If you look up the word void, the simplest definition will say something to the extent of “filling an empty space.” When he told me that he felt as though I was using him to fill a void, I didn’t quite know how to take it. The he in this instance was a guy I had been dating for a short time. Having already known each other, we had dove in pretty fast by most accounts. The “I love you’s” were flying, and talks of the future had already filled the air. The void conversation arose after a big fallout in which he admitted that I just expected too much of him. He didn’t understand why it was so important for me to include other people in things. “Other people” being my family and my friends. The “things” being events and holiday parties. Things that to me seemed something normal to share with someone you loved or cared about. Things that seemed normal of an adult relationship. Things that have continued to be tumbling bricks in future relationships.
To give you a brief history in relation to this idea, I’m in my early thirties, and have only twice in my life had a significant other significant enough to celebrate the holidays or any sort of big occasion with. I’m more of a “test the waters” for a few months, and if it’s not going to work, it’s not going to work. Why waste either of our time? I’m looking for a forever, not a sometimes. In my late 20’s I had a serious boyfriend who I celebrated two turkey days and two Christmas’s with. He was a good guy, just not “the guy.” His name is still on one of our family Christmas ornaments (thanks Mom!) After the ornament guy, and the one of current conversation, there came the next Mr. Significant, the guy that I just knew was “the one,” and have still held on to quite significantly in some ways over the last year (but that’s another story for another day.) Back to where we started with fall out boy.
The idea that I needed to fill a void was almost insulting to me. I wasn’t empty or without in my life when it came to happiness, or support, or love. I had that all around me. I was used to being the single girl at the party. But, as my twin sister put it, “We are all looking to fill a void. That’s what any relationship is.” The more I wrapped my head around that, the more I figured the theory to be true. Obviously when we start a relationship, there is something that was lacking there to begin with. Not necessarily that I was empty, but, rather that I wanted someone to share the space with, so to speak. But here’s the thing that it took me awhile to understand, if the person you want to spend your time, your efforts, your life with, only sees themselves as a “void filler,” then you need to let them go. If that empty space you are filling still feels empty through the hard times, they are not the filling you are missing. Your space needs the walls that help hold you together, not the decorations that you want to change every couple years. If they are the pretty painting that smudges and runs when things get too heated, they are not your filling or your foundation.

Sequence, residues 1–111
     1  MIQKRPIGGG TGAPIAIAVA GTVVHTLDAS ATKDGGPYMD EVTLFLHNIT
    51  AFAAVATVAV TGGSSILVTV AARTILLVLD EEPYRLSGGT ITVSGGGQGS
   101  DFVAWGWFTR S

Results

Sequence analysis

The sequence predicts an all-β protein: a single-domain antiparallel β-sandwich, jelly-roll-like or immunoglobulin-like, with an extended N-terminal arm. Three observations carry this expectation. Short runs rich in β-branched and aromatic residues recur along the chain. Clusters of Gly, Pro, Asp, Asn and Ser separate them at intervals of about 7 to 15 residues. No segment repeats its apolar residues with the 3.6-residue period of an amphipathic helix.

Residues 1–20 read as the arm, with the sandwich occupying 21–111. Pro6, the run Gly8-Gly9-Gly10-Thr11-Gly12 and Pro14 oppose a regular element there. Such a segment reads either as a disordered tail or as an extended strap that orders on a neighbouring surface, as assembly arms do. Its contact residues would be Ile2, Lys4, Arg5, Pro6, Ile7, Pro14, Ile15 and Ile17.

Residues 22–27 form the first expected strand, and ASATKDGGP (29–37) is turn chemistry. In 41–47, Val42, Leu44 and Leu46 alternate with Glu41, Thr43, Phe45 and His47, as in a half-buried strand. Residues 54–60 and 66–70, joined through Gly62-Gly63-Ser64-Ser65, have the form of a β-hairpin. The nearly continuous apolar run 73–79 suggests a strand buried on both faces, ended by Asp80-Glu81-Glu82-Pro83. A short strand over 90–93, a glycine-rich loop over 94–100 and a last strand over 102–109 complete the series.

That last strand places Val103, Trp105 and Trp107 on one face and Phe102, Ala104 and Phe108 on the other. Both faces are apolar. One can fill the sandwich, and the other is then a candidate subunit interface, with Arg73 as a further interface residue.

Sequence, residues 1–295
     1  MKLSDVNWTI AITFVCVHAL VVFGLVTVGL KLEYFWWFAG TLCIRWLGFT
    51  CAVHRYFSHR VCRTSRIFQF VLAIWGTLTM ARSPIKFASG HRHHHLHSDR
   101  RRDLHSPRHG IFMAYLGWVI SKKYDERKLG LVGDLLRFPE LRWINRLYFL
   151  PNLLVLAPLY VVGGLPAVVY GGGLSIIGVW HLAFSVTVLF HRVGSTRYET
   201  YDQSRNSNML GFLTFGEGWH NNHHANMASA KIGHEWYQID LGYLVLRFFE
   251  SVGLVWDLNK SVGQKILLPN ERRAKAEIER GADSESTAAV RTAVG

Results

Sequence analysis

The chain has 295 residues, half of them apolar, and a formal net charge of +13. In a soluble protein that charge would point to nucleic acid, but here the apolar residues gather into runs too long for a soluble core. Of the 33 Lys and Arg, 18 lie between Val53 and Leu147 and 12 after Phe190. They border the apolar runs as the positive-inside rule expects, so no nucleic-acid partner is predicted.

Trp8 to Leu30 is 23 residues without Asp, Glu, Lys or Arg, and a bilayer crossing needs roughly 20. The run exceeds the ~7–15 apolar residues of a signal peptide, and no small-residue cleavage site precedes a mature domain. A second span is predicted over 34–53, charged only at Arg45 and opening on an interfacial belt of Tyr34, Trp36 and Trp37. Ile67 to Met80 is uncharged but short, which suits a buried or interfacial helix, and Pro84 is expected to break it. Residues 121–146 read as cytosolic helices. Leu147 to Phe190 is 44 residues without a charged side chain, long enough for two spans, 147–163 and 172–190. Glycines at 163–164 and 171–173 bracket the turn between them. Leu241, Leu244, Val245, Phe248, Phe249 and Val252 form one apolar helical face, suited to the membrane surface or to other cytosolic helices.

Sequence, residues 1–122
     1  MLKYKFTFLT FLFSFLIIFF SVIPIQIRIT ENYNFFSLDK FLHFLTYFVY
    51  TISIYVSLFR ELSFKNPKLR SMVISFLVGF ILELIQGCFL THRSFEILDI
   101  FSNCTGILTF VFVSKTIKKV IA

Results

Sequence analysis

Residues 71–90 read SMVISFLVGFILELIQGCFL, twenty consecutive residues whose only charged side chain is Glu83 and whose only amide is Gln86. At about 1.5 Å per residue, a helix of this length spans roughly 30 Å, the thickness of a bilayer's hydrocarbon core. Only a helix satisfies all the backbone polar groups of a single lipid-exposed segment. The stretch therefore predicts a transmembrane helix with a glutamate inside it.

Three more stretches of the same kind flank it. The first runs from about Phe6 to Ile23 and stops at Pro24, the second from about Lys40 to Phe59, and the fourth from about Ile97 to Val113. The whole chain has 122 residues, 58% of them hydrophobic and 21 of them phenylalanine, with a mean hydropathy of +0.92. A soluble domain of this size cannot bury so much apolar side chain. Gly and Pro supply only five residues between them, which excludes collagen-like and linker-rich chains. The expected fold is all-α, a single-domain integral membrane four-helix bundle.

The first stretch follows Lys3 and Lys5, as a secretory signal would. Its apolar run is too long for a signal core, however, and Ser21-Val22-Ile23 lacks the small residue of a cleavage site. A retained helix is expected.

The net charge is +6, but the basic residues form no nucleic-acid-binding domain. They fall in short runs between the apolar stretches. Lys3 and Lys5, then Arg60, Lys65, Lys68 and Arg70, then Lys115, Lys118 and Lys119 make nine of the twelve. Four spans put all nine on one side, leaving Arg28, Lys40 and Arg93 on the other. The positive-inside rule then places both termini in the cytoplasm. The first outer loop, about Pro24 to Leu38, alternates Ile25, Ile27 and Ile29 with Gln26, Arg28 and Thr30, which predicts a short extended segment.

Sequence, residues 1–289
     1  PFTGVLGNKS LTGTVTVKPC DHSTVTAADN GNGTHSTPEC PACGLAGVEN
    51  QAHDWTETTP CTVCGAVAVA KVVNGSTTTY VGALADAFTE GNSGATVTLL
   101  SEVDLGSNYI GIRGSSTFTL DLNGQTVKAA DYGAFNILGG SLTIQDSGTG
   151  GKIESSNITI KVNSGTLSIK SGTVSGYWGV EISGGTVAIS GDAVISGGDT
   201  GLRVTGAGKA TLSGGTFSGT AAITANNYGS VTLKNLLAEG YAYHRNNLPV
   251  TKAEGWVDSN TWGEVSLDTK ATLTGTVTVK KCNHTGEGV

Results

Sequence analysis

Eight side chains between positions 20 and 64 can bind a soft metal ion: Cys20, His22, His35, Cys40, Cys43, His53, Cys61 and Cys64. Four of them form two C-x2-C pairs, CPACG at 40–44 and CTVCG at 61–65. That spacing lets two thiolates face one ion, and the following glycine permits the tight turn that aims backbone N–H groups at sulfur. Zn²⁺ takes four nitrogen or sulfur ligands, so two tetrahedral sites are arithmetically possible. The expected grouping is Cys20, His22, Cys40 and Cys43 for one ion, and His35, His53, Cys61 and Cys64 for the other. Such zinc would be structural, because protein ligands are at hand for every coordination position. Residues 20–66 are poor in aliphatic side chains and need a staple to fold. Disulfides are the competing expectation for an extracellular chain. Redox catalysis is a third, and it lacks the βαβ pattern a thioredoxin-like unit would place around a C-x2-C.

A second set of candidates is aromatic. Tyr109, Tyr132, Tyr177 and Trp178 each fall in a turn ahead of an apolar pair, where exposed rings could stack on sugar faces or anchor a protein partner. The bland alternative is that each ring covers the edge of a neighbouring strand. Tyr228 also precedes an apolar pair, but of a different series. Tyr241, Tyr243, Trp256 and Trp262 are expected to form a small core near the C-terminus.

The hardest thing sometimes is accepting that bad filling is just that, bad filling. Sometimes in desperation I find myself getting lost in just finding something that I overlook or dismiss the bad taste it leaves. When you start looking at everyone else’s spaces from the outside, it seems so much more filled in than yours. You start to question why your house is empty and they’ve got the swing set and pool in the backyard. The statements, “Your time is coming,” “Timing is everything,” “Be patient,” start to taste just as bitter as the bad filling. And you just get downright sick of it. You’re done. You cry to God.
And I cried to God. And I cried, and cried, and cried.
And then, I felt ashamed, because, although I’m a Christian, and a believer, I hadn’t talked to God in any fashion that much in a long time. Some guy had to “break my heart” in order for me to run to Him? It hit me that I had been neglecting my one true filler while trying to fill a void in my life. My house may lack the swing set and the pool, but, the firm foundation has always been there.
Maybe filling the void isn’t searching for a man. It’s searching and reconnecting with THE man.
I’m not saying that it’s not important to have relationships. My ultimate goal in life is to be a wife and a mother. But, if on the road to becoming these things we have to take the path that isn’t lit, that doesn’t keep Him close beside us, then it’s not the right road. Not the right person. Not the right choice. And we always have a choice. I’ve had a shadow box hanging on my bedroom wall for years. Inside, covered with floral and sparkles, are the words from one of my favorite songs; and perfectly fitting to what I expect in a future husband: